Stone Harbor Golf Club
|Golf Professional||Matt Crowley||(609) 465-9270|
|General Manager||Carol Blum-Barnoski||(609) 465-9270|
|Superintendent||Dean Ferguson||(609) 465-8673|
|Tee Sheet||Front 9||Back 9||Course|
In 1987, Gordon Shaffner, president of Stone Harbor Golf Club, determined—the word is not used loosely—to build an innovative golf course on the site of the rather nondescript Jersey Devil eighteen, located in the village of Swainton, a few miles inland from Stone Harbor and Avalon. He commissioned Desmond Muirhead to design the course. It was this decision that guaranteed the result to be unlike any other course in the world.
English-born Muirhead, known in the 1950s as a landscape planner and designer of retirement villages (and never better than a high-handicap golfer), had made a quick study of the great courses of America and Britain and concluded that the field of golf architecture was overdue for the kind of fresh thinking he could bring to it. “Those courses have no mystique whatsoever,” he once said. “I owe very little allegiance to St. Andrews.”
He joined with Jack Nicklaus on a couple of projects, most notably Muirfield Village (it is not easy to know which of the two should get the lion’s share of credit for this splendid achievement, a course that may fairly be labeled perfect). Prior to Gordon Shaffner’s invitation, Muirhead laid out the highly controversial Aberdeen course, in Boynton Beach, Florida (the mermaid hole, the Marilyn Monroe hole, etc.)
The eighteen that Muirhead found at Stone Harbor was of no use to him. In effect, he started from scratch. He created 30 acres worth of lakes (nine bodies of water, in all shapes and sizes) and used the excavated dirt to fashion mounds and valleys, to elevate tees (a couple of them as high as 40 feet) and greens. In the end he would move a million cubic yards of earth, yet go to great pains to preserve an entire oak and pine forest.
Striving for the unique at every turn—and at any cost— the poet/artist/fantasist created a handful of the most unusual holes on the globe. The 160-yard 4th, for instance, that looks like nothing so much as an elegant scimitar, with a green that is bludgeon-shaped and set on the bias, and, among its several sand bunkers (it has more than several grass bunkers) one that calls to mind the head of a horse. It is this bunker that is the key to the meaning of the hole, which takes its cue from the myth of the Greek hero Bellerophon and the winged horse Pegasus. Bellerophon mounted the horse with a golden bridle from Athena and killed the monster Chimera. Later, Bellerophon got a little too cocky and Pegasus threw him. Muirhead spells out the lesson for golfers: pride goeth before a fall.
The original 7th, a chilling golf hole.
The 7th needed no explaining. It was an experience in pure terror. From a peninsular tee high above the water, the play on this 148-yarder was across a lake to an island green 30 yards deep by perhaps no more than two feet wide at the front and two feet wide at the rear. Imagine a squashed football, the air squeezed out of it, and you have the green. There was essentially no margin for error, because at its most generous point the putting surface was a mere 17 paces across. As for the two flanking bunkers, both sawtoothed, they, too, were islands, floating free and clear of the target island, which is to say the green. The recovery from either of these sandy hazards was almost as nightmarish a shot as the 6- or 7-iron from the tee.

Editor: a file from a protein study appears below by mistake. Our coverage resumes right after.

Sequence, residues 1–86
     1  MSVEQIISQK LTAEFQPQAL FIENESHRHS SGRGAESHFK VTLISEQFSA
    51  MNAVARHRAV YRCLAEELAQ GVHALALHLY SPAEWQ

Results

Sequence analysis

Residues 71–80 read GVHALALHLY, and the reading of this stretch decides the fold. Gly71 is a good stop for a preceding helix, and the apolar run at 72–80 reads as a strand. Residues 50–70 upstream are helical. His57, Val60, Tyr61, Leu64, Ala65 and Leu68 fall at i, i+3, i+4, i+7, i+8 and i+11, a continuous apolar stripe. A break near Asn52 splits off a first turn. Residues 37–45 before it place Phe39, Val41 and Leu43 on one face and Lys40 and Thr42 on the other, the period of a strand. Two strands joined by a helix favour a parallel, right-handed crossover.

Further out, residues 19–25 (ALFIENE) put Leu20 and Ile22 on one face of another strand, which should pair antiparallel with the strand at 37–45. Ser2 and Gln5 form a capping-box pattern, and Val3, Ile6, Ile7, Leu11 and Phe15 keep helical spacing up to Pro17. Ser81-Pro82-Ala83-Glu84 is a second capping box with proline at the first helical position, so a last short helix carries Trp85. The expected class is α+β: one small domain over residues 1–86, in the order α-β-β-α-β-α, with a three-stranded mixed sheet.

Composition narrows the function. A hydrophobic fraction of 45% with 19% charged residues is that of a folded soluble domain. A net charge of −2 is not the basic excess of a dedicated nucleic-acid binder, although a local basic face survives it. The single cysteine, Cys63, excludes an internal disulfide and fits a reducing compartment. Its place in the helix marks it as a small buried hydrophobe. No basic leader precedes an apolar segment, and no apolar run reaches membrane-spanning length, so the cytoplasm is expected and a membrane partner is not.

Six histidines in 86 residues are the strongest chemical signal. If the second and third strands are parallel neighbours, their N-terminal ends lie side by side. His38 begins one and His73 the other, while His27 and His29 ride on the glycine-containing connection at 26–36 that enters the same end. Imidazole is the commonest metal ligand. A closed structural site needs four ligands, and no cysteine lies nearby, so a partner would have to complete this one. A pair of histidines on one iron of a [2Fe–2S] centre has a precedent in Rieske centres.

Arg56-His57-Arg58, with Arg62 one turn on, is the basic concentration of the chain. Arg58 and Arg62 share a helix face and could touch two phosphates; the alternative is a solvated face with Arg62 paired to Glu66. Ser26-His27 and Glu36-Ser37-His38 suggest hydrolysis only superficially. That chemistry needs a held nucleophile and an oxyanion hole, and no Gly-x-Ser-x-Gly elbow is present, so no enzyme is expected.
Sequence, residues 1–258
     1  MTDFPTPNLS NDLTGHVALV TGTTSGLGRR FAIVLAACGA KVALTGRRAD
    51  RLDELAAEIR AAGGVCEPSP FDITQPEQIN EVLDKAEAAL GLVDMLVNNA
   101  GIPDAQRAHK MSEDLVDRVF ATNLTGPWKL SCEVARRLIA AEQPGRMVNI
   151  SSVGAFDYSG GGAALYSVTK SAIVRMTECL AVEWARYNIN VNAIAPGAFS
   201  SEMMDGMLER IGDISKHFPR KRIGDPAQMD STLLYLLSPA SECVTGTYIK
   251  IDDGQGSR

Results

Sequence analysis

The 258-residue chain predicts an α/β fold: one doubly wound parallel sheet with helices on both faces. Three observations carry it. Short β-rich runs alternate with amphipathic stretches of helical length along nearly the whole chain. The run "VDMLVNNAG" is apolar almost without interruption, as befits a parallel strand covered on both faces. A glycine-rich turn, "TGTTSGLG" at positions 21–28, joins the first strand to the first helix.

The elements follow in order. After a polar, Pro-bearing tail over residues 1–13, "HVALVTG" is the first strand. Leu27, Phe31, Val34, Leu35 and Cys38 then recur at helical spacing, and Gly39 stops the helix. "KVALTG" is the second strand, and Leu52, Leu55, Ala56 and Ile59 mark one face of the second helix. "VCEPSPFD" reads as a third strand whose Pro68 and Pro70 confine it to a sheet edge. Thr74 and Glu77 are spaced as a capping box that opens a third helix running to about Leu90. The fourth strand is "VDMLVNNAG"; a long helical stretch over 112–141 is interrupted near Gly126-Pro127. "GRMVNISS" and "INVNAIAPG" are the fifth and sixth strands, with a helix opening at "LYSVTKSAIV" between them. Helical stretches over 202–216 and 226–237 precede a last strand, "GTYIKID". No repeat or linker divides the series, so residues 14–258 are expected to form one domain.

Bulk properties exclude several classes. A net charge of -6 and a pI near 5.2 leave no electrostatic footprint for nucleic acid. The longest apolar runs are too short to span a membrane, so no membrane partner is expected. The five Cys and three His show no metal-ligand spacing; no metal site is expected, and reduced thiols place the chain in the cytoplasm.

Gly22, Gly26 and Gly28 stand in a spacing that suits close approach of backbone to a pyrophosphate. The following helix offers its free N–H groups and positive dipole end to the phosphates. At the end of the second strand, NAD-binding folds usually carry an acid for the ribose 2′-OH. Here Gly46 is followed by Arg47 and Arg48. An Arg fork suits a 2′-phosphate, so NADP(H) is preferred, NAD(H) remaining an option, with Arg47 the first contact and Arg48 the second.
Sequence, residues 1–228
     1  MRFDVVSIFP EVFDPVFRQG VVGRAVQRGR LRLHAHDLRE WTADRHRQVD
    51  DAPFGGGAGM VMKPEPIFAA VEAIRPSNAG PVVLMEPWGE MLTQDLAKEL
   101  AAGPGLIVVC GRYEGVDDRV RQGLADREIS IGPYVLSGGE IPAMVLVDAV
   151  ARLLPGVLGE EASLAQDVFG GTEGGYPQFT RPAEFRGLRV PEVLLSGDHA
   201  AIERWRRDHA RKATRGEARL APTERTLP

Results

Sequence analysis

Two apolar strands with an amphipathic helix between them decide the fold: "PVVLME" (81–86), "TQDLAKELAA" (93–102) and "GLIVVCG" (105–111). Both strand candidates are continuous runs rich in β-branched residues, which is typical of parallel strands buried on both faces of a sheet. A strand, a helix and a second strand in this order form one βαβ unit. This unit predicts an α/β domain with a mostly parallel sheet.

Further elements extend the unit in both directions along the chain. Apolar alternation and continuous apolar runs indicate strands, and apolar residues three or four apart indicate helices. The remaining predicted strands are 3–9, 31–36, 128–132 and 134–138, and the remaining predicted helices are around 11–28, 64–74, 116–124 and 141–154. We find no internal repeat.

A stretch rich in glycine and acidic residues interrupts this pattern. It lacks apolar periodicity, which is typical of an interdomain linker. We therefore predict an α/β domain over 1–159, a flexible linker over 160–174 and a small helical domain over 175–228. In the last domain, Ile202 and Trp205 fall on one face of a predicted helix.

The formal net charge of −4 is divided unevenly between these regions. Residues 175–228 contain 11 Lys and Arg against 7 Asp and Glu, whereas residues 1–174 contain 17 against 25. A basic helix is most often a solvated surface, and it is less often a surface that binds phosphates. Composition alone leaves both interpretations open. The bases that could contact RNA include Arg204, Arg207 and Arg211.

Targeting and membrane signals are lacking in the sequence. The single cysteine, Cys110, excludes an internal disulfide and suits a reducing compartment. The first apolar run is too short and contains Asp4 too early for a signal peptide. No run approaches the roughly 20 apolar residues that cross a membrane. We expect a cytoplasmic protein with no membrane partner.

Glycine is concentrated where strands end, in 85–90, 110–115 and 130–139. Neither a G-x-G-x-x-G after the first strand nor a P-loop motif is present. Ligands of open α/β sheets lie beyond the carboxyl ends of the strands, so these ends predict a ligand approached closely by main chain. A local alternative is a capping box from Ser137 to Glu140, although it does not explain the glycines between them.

It might be pointed out that seven of the 18 greens jut more or less aggressively into lakes. Fortunately for the beleaguered golfer, the big water, the Atlantic Ocean, is a couple of miles down the road, and Muirhead did not have access to it.
Difficult as it was for many observers to believe, this eighteen was, and indeed is, full of superlative golf holes. But the Disneyland (Daliesque?) nature of its unforgettable moments tended to obscure the excellence of so much that is here. Some claimed that on a windy day—not at all rare in these parts—two dozen balls were needed to complete the round.
In any event, over the nine years since the course opened, Gordon Shaffner has moved to mitigate the excesses. The island fairway on the unnervingly brilliant 6th has been lengthened. The sawtooth bunkers on the nonpareil 7th are now part of the same land mass as the green (so there is only one island instead of three, and it is bigger). The bulkheads at the 9th and 15th have been replaced by life-saving grassy banks. The fairways on 10 and 11 have been broadened and the approach to the 14th green has been opened up by removing the bunkers at the left front. And finally, on the “death or glory” 18th, the safe landing area to the right of the green has been enlarged. The net of all this is that there is considerably less chance of going off the deep end today than when the course opened in 1988.
Stone Harbor needed to be toned down, and it has been. But the tiger has scarcely been defanged. And if it is no longer quite so frightening, quite so punishing, it is still an enormously challenging (Slope 136) and exhilarating test, with shot values of a very high order hole after hole after hole. There has to be a place in golf for a visionary—indeed, an iconoclast—like Desmond Muirhead and for a risktaking club owner such as Gordon Shaffner, who must at times have felt like a Medici prince, a patron of the arts.
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